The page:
and my coffee, this morning
    I'm drinking it with them

    You, murderer -
    Who remembers you?

  67. You are inconsistent. You do not need to have a grand unified theory about what to do about Michael Jackson. You are a hypocrite, over and over. You love Annie Hall but you can barely stand to look at a painting by Picasso. You are not responsible for solving this unreconciled contradiction. In fact, you will solve nothing by means of your consumption; the idea that you can is a dead end.
    The way you consume art doesn't make you a bad person, or a good one. You'll have to find some other way to accomplish that.

  68. Thirty-six Views of the Moon

    ebtekar thirty six views of moon

  69. Joy Division, The Moonlight Club, 4 April 1980, West Hampstead, London, England

    king joy division

  70. A Good Day

    Yesterday, I spent 60 dollars on groceries,
    took the bus home,
    carried both bags with two good arms back to my studio apartment
    and cooked myself dinner.
    You and I may have different definitions of a good day.
    This week, I paid my rent and my credit card bill,
    worked 60 hours between my two jobs,
    only saw the sun on my cigarette breaks
    and slept like a rock.
    Flossed in the morning,
    locked my door,
    and remembered to buy eggs.
    My mother is proud of me.
    It is not the kind of pride she brags about at the golf course.
    She doesn’t combat topics like, ”My daughter got into Yale”
    with, ”Oh yeah, my daughter remembered to buy eggs”
    But she is proud.
    See, she remembers what came before this.
    The weeks where I forgot how to use my muscles,
    how I would stay as silent as a thick fog for weeks.
    She thought each phone call from an unknown number was the notice of my suicide.
    These were the bad days.
    My life was a gift that I wanted to return.
    My head was a house of leaking faucets and burnt-out lightbulbs.
    Depression, is a good lover.
    So attentive; has this innate way of making everything about you.
    And it is easy to forget that your bedroom is not the world,
    That the dark shadows your pain casts is not mood-lighting.
    It is easier to stay in this abusive relationship than fix the problems it has created.
    Today, I slept in until 10,
    cleaned every dish I own,
    fought with the bank,
    took care of paperwork.
    You and I might have different definitions of adulthood.
    I don’t work for salary, I didn’t graduate from college,
    but I don’t speak for others anymore,
    and I don’t regret anything I can’t genuinely apologize for.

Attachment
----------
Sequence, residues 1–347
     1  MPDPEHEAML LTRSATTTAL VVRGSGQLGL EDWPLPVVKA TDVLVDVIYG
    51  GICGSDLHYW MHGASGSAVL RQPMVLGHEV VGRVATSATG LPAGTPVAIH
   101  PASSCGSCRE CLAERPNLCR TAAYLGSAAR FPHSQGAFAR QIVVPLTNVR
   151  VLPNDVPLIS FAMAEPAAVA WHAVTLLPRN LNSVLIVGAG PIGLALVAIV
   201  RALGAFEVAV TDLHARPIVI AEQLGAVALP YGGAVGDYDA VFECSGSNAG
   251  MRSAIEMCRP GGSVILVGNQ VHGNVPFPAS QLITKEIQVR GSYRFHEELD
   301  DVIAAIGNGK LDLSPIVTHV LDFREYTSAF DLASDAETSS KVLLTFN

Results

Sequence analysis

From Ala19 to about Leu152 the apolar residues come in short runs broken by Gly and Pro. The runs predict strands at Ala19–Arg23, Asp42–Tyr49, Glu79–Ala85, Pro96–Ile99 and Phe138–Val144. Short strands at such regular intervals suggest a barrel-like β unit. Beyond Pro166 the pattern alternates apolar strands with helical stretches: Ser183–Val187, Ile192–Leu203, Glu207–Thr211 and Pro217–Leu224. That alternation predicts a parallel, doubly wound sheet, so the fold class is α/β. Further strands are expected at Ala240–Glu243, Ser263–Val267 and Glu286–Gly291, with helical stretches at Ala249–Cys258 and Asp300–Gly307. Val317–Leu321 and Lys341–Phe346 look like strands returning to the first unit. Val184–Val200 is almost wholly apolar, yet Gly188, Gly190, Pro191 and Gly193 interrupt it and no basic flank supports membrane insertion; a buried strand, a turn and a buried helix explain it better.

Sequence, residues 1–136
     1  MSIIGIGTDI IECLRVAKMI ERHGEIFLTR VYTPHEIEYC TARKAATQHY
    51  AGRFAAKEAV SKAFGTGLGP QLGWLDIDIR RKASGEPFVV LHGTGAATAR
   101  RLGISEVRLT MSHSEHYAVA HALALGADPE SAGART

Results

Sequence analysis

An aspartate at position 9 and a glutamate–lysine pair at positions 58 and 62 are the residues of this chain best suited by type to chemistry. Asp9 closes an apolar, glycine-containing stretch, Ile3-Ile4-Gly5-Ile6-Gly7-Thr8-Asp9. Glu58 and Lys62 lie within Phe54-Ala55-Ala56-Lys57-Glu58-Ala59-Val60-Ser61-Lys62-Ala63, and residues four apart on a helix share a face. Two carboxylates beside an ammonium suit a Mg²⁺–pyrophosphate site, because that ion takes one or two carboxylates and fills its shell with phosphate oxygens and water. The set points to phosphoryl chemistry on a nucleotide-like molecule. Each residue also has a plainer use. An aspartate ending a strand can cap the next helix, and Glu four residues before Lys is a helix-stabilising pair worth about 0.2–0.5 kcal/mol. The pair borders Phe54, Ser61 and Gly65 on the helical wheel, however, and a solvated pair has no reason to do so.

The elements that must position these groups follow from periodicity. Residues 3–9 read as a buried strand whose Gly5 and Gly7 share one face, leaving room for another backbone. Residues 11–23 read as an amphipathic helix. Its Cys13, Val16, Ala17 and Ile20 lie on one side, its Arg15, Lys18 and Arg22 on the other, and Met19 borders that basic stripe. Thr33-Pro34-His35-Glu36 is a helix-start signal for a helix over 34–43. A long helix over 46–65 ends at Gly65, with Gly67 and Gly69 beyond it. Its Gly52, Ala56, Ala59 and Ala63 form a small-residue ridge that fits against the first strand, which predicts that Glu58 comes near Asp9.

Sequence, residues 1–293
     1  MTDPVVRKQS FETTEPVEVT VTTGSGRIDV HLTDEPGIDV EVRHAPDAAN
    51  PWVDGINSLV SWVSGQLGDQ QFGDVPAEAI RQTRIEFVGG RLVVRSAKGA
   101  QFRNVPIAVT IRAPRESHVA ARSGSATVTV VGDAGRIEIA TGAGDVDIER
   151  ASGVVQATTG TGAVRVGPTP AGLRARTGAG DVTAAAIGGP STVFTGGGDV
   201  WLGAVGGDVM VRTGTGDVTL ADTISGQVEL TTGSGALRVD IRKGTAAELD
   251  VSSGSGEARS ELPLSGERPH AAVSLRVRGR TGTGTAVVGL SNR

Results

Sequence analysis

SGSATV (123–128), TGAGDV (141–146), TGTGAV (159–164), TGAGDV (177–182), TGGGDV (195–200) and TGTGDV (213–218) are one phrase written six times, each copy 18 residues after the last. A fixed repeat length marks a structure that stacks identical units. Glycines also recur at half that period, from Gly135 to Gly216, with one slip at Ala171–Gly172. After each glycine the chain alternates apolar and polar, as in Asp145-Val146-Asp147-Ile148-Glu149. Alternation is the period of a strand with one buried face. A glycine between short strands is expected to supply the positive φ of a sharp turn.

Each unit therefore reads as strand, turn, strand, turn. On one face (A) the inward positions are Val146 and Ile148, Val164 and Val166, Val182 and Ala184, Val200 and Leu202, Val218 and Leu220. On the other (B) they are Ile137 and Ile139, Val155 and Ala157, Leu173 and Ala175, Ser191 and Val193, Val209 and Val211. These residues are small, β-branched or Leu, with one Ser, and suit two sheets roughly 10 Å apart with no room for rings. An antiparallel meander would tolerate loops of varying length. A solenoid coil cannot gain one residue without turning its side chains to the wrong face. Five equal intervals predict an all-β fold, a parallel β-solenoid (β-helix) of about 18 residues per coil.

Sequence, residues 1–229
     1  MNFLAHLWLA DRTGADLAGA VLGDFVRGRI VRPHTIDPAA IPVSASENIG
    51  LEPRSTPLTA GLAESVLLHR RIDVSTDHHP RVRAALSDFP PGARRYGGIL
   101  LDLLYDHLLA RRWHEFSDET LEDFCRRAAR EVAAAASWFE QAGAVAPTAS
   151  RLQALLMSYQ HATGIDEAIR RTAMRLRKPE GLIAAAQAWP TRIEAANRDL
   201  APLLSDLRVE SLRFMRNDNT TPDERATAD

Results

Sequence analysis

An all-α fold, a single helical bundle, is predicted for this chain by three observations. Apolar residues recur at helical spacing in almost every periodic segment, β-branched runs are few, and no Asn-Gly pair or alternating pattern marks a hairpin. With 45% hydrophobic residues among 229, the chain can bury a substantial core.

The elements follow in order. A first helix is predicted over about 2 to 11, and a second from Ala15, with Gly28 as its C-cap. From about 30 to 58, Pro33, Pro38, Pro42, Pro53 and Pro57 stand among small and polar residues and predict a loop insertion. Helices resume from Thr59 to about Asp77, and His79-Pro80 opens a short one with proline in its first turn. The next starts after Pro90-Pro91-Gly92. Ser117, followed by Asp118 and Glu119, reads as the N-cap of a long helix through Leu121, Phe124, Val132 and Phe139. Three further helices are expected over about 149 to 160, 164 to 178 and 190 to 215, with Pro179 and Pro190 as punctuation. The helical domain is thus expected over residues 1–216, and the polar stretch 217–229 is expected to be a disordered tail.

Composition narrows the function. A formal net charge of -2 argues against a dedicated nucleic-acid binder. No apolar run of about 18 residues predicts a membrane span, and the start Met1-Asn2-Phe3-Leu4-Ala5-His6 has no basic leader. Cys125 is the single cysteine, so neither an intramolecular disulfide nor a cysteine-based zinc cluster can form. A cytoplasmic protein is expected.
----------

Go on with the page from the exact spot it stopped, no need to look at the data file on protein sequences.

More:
And my mother is proud of me.
    I burned down a house of depression,
    I painted over murals of greyscale,
    and it was hard to rewrite my life into one I wanted to live
    But today, I want to live.
    I didn’t salivate over sharp knives,
    or envy the boy who tossed himself off the Brooklyn bridge.
    I just cleaned my bathroom,
    did the laundry,
    called my brother.
    Told him, “it was a good day.”

    - Kait Rokowski

  71. I have always known that writing fiction had little effect on the world; that if it did, young men would not have gone to war after The Iliad. Only the privileged - those with homes and food and the luxury of time in a home - are touched, moved, sometimes changed by literature. For the twenty million Americans who are hungry tonight, for the homeless freezing tonight, literature is as useless as a knowledge of astronomy. What do stars look like on a clear cold winter night, when your children are hungry, are daily losing their very health; or when, alone, you look up from a heat grate? Of course in cities at night you can’t even see the stars.

  72. Many people seem to think it foolish, even superstitious, to believe that the world could still change for the better. And it is true that in winter it is sometimes so bitingly cold that one is tempted to say, ‘What do I care if there is a summer; its warmth is no help to me now.’ Yes, evil often seems to surpass good. But then, in spite of us, and without our permission, there comes at last an end to the bitter frosts. One morning the wind turns, and there is a thaw. And so I must still have hope.

    - Vincent van Gogh

  73. How to Read Ezra Pound

    At the poets’ panel,
    after an hour of poets debating Ezra Pound,
    Abe the Lincoln veteran,
    the Spanish Civil War,
    raised his hand and said:
    If I knew that
    a fascist
    was a great poet,
    I’d shoot him

  74. Four Darks in Red

    rothko four darks in red

    - Mark Rothko